What Happens if You Overvolt a Motor? & How To Protect It


Electric motors convert electrical energy to mechanical energy, used in many applications and devices. However, each motor has specific ratings, such as voltage and current ratings, so can overvolting damage the motor?

Can Overvolting Damage Motor? And How to Avoid it?

Yes, overvolting can damage the motor because the excessive voltage and current flow through the motor and overload its components which causes damage to the motor’s parts and insulation, and the life of the motor will be reduced. You can avoid overvolting the motor by decreasing the voltage source to the motor’s limit.

What Happens if You Overvolt a Motor?

What will happen is that excessive voltage will be created when you overvolt a motor, and an excessive current will flow through the motor. The new load put on the motor can cause damage to its components and affect the motor’s insulation; this will reduce the motor’s life.

If you raised the supply voltage above the motor or equipment’s voltage rating, you would overvolt the motor. Overvoltage can be caused for many reasons, such as the power source bad regulation from an oversized transformer.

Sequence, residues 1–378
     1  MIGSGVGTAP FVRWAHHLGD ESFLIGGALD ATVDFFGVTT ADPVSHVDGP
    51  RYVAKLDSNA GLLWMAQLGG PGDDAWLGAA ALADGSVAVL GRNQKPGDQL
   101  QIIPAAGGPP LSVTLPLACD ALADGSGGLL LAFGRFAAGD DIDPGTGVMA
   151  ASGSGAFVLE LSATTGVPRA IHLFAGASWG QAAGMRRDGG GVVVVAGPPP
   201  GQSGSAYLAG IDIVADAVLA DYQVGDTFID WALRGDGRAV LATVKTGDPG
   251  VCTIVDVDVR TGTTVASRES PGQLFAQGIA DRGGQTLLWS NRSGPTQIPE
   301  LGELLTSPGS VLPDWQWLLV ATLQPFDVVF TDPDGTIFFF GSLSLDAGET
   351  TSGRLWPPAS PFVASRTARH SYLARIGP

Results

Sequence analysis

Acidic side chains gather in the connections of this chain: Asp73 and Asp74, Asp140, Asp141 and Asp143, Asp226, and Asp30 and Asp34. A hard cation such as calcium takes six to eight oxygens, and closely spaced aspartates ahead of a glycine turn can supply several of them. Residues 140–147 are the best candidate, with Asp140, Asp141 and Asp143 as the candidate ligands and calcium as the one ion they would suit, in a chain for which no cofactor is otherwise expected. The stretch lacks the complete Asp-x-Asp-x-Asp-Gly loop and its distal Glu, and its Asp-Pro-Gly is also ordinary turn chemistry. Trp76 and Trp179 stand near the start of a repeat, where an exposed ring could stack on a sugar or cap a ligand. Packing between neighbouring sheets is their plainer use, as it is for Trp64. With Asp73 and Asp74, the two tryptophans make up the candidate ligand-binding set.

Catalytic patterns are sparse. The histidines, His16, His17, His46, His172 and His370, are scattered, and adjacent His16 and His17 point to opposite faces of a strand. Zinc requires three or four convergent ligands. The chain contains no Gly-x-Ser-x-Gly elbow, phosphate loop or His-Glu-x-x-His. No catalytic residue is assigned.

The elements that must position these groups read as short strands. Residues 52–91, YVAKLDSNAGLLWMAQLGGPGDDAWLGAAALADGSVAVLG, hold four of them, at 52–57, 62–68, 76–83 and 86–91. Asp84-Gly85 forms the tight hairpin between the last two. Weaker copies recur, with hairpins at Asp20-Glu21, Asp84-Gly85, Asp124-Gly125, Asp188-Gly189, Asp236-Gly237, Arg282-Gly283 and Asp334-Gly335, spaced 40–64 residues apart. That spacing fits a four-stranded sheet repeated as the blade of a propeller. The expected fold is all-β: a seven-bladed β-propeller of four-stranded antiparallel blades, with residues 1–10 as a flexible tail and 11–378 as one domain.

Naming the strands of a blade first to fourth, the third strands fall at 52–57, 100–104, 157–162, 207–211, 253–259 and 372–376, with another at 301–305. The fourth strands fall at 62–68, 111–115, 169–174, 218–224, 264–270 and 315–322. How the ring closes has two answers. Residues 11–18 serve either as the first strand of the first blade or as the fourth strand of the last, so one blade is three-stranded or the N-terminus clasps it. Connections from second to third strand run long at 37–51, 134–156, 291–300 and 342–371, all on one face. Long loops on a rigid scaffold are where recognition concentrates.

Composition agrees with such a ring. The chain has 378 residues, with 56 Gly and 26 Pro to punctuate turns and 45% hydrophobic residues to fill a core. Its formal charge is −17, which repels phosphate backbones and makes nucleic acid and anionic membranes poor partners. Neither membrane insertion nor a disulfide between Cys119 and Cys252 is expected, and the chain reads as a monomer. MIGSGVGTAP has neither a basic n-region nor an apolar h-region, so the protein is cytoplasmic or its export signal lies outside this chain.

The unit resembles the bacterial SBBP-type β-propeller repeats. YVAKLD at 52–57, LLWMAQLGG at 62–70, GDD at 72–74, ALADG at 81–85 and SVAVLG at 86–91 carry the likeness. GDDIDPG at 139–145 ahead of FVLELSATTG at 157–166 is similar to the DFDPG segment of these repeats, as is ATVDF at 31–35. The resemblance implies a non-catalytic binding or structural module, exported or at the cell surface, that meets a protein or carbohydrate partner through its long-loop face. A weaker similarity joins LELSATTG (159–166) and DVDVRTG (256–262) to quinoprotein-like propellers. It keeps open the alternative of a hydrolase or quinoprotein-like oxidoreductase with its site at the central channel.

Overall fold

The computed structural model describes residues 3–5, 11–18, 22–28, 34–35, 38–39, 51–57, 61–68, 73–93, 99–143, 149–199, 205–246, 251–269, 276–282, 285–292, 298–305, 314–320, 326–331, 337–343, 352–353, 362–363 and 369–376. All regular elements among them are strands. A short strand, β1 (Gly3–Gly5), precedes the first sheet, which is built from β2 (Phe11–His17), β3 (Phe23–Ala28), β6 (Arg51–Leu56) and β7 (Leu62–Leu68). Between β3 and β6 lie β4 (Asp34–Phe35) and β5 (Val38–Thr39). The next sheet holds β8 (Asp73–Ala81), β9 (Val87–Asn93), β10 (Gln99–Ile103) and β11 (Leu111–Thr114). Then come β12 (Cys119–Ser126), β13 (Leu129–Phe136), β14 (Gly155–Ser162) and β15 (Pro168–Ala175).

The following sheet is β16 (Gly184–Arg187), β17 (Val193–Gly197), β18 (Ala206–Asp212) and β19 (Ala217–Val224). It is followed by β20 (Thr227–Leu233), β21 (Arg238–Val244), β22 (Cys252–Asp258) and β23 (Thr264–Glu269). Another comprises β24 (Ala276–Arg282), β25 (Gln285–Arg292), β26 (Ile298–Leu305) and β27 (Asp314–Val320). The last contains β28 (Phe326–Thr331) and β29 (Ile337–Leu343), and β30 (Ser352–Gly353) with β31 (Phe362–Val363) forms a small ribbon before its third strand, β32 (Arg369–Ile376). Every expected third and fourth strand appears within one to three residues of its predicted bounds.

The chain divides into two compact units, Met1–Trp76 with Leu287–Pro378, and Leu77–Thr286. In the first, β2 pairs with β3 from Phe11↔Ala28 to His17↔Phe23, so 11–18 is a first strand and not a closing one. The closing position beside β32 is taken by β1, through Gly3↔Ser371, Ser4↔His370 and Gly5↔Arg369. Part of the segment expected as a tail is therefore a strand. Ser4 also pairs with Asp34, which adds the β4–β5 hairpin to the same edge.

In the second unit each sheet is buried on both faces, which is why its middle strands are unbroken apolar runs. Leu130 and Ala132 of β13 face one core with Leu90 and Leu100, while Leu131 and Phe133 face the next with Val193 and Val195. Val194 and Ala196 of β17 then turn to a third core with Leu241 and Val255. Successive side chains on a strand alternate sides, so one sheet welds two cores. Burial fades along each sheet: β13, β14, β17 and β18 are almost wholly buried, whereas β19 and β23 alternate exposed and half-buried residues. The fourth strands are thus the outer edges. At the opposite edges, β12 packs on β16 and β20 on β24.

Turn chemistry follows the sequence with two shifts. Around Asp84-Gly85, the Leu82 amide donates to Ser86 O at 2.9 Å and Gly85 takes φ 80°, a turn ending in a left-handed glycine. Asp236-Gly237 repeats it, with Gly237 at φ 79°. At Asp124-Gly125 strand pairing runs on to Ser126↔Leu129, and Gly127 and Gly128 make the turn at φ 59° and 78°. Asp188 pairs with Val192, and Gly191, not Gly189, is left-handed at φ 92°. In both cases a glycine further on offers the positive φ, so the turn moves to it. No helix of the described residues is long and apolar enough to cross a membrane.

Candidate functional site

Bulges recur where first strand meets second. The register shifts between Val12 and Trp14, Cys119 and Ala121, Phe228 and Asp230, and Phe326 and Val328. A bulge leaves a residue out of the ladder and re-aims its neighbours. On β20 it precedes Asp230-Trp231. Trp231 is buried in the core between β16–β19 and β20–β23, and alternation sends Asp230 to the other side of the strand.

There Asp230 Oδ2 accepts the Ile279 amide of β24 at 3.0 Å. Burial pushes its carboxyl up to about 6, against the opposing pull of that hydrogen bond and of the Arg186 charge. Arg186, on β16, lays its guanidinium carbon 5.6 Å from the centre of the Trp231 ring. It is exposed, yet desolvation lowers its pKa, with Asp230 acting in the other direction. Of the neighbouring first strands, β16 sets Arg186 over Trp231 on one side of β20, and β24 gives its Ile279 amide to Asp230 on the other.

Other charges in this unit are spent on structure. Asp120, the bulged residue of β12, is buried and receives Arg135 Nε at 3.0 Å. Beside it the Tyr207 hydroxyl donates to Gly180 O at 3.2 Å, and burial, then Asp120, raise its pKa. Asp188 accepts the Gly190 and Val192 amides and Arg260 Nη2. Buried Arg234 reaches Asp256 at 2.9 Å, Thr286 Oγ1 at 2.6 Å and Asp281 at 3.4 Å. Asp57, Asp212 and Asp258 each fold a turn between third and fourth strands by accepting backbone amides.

Another reason that can cause overvoltage is varying or uneven circuit loading, isolation failures or electrical insulation, and wiring errors.

How To Protect The Motor From Overvoltage?

The three-phase monitor relay is the best way to protect the motor from overvoltage because it’s cost-effective, has easy installation, and protects the equipment and motor from overvoltage conditions.

Phase failure relay, also known as Macromatic’s three-phase monitor relay, protects the equipment and the devices from premature equipment failure by observing common fault conditions like overvoltage.

A three-phase monitor relay can send notifications to any fault case and enable you to control equipment and devices, where you can turn them off before any damage happens. This relays fast and quick troubleshooting.